Climate

Georgia's climate is affected by subtropical influences from the west and Mediterranean influences from the east. The Greater Caucasus range moderates local climate by serving as a barrier against cold air from the north. Warm, moist air from the Black Sea moves easily into the coastal lowlands from the west. Climatic zones are determined by distance from the Black Sea and by altitude. Along the Black Sea coast, from Abkhazia to the Turkish border, and in the region known as the Kolkhida Lowlands inland from the coast, the dominant subtropical climate features high humidity and heavy precipitation (1,000 to 2,000 mm/39.4 to 78.7 in per year; the Black Sea port of Batumi receives 2,500 mm/98.4 in per year). Several varieties of palm trees grow in these regions, where the midwinter average temperature is 5 °C (41 °F) and the midsummer average is 22 °C (71.6 °F).

The plains of eastern Georgia are shielded from the influence of the Black Sea by mountains that provide a more continental climate. Summer temperatures average 20 °C (68 °F) to 24 °C (75.2 °F), winter temperatures 2 °C (35.6 °F) to 4 °C (39.2 °F). Humidity is lower, and rainfall averages 500 to 800 mm (19.7 to 31.5 in) per year. Alpine and highland regions in the east and west, as well as a semi-arid region on the Iori Plateau to the southeast, have distinct microclimates.

At higher elevations, precipitation is sometimes twice as heavy as in the eastern plains. In the west, the climate is subtropical to about 650 m (2,133 ft); above that altitude (and to the north and east) is a band of moist and moderately warm weather, then a band of cool and wet conditions. Alpine conditions begin at about 2,100 m (6,890 ft), and above 3,600 m (11,811 ft) snow and ice are present year-round.

Environmental issues

Beginning in the 1980s, Black Sea pollution has greatly harmed Georgia's tourist industry. Inadequate sewage treatment is the main cause of that condition. In Batumi, for example, only 18 percent of wastewater is treated before release into the sea. An estimated 70 percent of surface water contains health-endangering bacteria to which Georgia's high rate of intestinal disease is attributed.

The war in Abkhazia did substantial damage to the ecological habitats unique to that region. In other respects, experts considered Georgia's environmental problems less serious than those of more industrialized former Soviet republics. Solving Georgia's environmental problems was not a high priority of the national government in the post-Soviet years, however; in 1993 the minister for protection of the environment resigned to protest this inactivity. In January 1994, the Cabinet of Ministers announced a new, interdepartmental environmental monitoring system to centralize separate programs under the direction of the Ministry of Protection of the Environment. The system would include a central environmental and information and research agency. The Green Party used its small contingent in the parliament to press environmental issues in 1993.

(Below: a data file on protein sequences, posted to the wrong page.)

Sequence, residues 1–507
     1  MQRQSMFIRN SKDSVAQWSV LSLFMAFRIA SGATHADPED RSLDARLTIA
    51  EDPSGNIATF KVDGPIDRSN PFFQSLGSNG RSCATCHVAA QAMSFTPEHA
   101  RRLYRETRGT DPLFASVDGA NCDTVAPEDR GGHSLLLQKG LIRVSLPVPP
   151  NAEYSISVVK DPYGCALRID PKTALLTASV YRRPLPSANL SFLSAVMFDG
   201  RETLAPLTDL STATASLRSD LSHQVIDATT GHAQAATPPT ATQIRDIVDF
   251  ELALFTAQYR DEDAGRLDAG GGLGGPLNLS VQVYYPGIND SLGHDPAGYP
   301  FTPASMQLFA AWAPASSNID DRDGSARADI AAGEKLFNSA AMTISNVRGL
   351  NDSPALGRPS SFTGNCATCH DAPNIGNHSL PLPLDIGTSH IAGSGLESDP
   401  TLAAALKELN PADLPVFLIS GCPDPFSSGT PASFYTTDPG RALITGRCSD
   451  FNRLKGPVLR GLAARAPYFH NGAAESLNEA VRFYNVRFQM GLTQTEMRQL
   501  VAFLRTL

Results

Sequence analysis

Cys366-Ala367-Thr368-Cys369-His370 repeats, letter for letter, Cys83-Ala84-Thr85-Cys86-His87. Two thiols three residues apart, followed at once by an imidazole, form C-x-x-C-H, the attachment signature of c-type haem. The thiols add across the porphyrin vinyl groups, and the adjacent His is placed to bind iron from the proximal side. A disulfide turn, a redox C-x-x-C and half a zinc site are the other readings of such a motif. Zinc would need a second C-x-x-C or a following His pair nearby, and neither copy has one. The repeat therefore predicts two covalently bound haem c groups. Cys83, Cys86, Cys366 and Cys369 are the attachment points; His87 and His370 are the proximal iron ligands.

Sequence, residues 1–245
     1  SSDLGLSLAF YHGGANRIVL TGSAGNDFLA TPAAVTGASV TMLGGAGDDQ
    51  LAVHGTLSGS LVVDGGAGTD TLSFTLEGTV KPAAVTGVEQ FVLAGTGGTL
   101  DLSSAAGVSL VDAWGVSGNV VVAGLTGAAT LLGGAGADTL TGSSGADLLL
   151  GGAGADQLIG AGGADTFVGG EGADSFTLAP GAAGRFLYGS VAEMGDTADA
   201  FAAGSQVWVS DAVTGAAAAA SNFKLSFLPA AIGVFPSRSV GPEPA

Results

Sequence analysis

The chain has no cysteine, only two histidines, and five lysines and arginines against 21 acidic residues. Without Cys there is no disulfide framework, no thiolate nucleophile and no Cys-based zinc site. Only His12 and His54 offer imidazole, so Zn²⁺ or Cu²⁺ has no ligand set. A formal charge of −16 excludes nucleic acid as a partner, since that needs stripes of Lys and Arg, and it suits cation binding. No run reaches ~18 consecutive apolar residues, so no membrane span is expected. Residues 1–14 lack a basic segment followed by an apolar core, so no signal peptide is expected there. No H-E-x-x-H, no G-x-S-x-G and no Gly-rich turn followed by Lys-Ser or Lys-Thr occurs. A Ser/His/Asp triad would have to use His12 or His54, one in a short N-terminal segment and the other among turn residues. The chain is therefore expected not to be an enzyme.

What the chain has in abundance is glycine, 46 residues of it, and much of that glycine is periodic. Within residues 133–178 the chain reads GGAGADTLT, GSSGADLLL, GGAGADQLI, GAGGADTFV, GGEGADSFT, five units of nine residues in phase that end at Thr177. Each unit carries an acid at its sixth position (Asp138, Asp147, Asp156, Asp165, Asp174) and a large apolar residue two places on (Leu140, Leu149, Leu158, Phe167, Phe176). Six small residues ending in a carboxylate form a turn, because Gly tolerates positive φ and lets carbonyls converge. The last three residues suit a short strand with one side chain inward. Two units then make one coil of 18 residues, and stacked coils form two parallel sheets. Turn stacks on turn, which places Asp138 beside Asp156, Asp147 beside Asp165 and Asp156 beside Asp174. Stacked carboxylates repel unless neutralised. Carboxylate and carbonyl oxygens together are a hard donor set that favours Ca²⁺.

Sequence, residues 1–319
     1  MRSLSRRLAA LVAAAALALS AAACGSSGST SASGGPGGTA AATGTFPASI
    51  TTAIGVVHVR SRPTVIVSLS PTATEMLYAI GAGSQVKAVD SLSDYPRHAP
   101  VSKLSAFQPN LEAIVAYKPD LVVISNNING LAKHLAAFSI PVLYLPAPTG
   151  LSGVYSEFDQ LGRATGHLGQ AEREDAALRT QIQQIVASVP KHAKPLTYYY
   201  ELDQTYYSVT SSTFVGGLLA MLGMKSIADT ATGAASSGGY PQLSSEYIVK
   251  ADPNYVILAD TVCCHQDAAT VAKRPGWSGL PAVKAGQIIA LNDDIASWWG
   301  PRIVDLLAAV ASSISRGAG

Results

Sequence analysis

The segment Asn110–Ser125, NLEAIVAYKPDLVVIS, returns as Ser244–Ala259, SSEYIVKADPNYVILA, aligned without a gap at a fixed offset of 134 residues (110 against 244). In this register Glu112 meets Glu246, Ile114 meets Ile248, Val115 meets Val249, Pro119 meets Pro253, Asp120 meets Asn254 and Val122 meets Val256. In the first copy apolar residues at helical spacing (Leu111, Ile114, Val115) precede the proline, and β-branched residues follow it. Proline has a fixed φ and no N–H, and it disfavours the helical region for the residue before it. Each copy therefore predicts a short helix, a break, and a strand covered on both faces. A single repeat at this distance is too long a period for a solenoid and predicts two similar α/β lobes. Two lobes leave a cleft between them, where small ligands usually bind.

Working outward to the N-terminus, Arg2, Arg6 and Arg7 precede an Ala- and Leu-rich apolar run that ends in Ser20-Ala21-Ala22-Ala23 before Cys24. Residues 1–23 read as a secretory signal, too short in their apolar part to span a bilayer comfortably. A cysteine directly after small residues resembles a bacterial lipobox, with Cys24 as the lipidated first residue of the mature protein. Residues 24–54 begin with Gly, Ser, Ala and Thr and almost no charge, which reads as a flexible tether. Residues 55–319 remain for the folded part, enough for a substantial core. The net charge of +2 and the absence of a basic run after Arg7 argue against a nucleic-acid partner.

Environment - international agreements:
party to: Air Pollution, Biodiversity, Climate Change, Climate Change-Kyoto Protocol, Desertification, Endangered Species, Hazardous Wastes, Law of the Sea, Ozone Layer Protection, Ship Pollution, Wetlands
signed, but not ratified: none of the selected agreements

See also

References

  1. ^ Geography of Georgia - 9th grade book; G. Chanturia, D. Kereselidze; p. 43
  2. ^ a b c Georgia may be considered to be in Asia and/or Europe. The UN classification of world regions places Georgia in Western Asia; the CIA World Factbook [1], National Geographic, and Encyclopædia Britannica also place Georgia in Asia. Conversely, numerous sources place Georgia in Europe such as the BBC [2], Oxford Reference Online [3], Merriam-Webster's Collegiate Dictionary, and www.worldatlas.com.

External links